The Rastafari concept started in the 1920s when a Jamaican-American activist, Marcus Garvey, predicted the total emancipation of black race. His projection was expected to take place after the crowning of a black king.
Marcus Garvey’s famous quote, “Look towards Africa for the coming of a black king – he shall be the redeemer”, was revered among his followers who named him ‘John the Baptist’ of Rastafari.
Consequently, the Rastafarian movement was officially founded on 2nd November, 1930, the year Ras Tafari Makonnen was crowned new Emperor of Ethiopia as Haile Selassie I.
Rastas believe that the crowning of His Imperial Majesty (H.I.M), as he was affectionately called, was a fulfillment of Biblical prophecy about the Messiah, since the movement holds many Jewish and Christian beliefs.
According to Garvey’s prophesy, the black king would be the Messiah predestined to deliver the world, and take Rastafarians to the ‘Promised Land’.
The movement took its identity from Haile Selassie’s local name, ‘Ras Tafari’, and its followers are widely known as Rastas, Rastafaris, or Rastafarians.
Beginning as a small group in the slums of Jamaica, the Rastafari sect can now boast thousands of members in Africa and other parts of the world.
To be identified as a Rastafarian, one must observe the doctrines, beliefs, and tradition of the movement. In order to prevent barrier in communication, Rastas introduced their own dialect widely known as ‘Patois’.
As a reggae lover, I was inspired by the ingenious songs of Robert Nesta Marley, popularly known as Bob Marley or The Legend. The Jamaican songwriter touched millions with his philosophical music.
Memories of my favourite tracks are still fresh on my mind, especially the all-time: “Three Little Birds”, “Buffalo Soldier”, “Africa Unite”, “Waiting in Vain” “Jamming”, and “No Woman No Cry”.
During Marley’s music career, he composed over 170 songs highlighting the elements of Rasta philosophy. Some of his religious tracks were, “Forever Loving Jah”, “Redemption Song”, and “Exodus”.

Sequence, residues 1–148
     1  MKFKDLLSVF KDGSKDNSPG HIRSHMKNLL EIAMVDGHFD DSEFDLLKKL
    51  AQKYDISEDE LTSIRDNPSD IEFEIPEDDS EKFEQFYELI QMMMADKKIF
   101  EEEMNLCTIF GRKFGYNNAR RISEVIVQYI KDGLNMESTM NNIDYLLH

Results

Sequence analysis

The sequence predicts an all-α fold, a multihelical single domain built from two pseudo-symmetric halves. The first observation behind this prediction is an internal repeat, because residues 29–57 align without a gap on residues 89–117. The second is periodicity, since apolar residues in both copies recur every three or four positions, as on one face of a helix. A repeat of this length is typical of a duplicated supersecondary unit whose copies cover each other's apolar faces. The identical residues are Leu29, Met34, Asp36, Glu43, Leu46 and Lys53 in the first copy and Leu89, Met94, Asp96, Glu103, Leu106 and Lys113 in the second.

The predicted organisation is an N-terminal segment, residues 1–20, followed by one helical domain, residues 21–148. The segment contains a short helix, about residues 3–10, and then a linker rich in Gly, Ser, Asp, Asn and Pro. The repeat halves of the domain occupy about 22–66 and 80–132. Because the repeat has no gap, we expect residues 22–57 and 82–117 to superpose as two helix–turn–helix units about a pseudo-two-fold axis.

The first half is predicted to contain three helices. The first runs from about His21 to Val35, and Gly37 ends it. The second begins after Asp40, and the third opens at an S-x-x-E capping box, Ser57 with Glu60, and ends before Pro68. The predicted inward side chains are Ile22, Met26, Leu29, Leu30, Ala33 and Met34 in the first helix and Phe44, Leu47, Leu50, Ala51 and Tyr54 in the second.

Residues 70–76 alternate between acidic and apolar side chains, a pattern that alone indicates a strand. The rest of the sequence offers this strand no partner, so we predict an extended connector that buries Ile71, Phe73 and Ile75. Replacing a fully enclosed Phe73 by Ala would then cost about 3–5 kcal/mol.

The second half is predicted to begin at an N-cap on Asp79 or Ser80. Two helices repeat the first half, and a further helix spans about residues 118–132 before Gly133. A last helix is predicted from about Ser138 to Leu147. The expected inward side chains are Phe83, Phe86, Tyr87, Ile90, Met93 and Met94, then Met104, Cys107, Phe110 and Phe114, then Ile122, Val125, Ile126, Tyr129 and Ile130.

Bob Marley became the most famous advocate of Rastafari in the 60s. His outstanding gift for songwriting and vocal style gained the movement an overwhelming recognition worldwide.
Since his death, Bob Marley’s popular songs have, posthumously, won several awards and honours worldwide.
For instance in 1999, his ‘Exodus’ album was adjudged “Album of the Century” by Time Magazine, and his ‘One Love’ was named “Song of the Millennium” by the BBC.
One may wonder if Rastafarianism is a form of religion. Reading about the life of The Legend, I was enlightened by the fact that Bob Marley converted from Christianity to Rastafarianism in 1966.
The divine theories of the movement triggered the controversial title “Jah”, which means God manifested on earth. Emperor Selassie was fondly addressed by Rastas as: ‘King of kings, Lord of lords, conquering Lion of the Tribe of Judah’.
In spite of the absence of formal structures or buildings of fellowship, Rastas worshipped Haile Selassie with their heart, whom they eulogise as “Jah Rastafari”.
Apart from his royalty, Emperor Selassie was an ordinary mortal who cannot be substituted for Jesus Christ or God in any way. It is, of course, blasphemous to confer godly titles on man.
On the other hand, His Imperial Majesty was a Christian, and he disproved his incarnation as God (Jah Rastafari). He cautioned Rastafarians saying, “Do not worship me, I am not God. I’m only a man. I worship Jesus Christ.”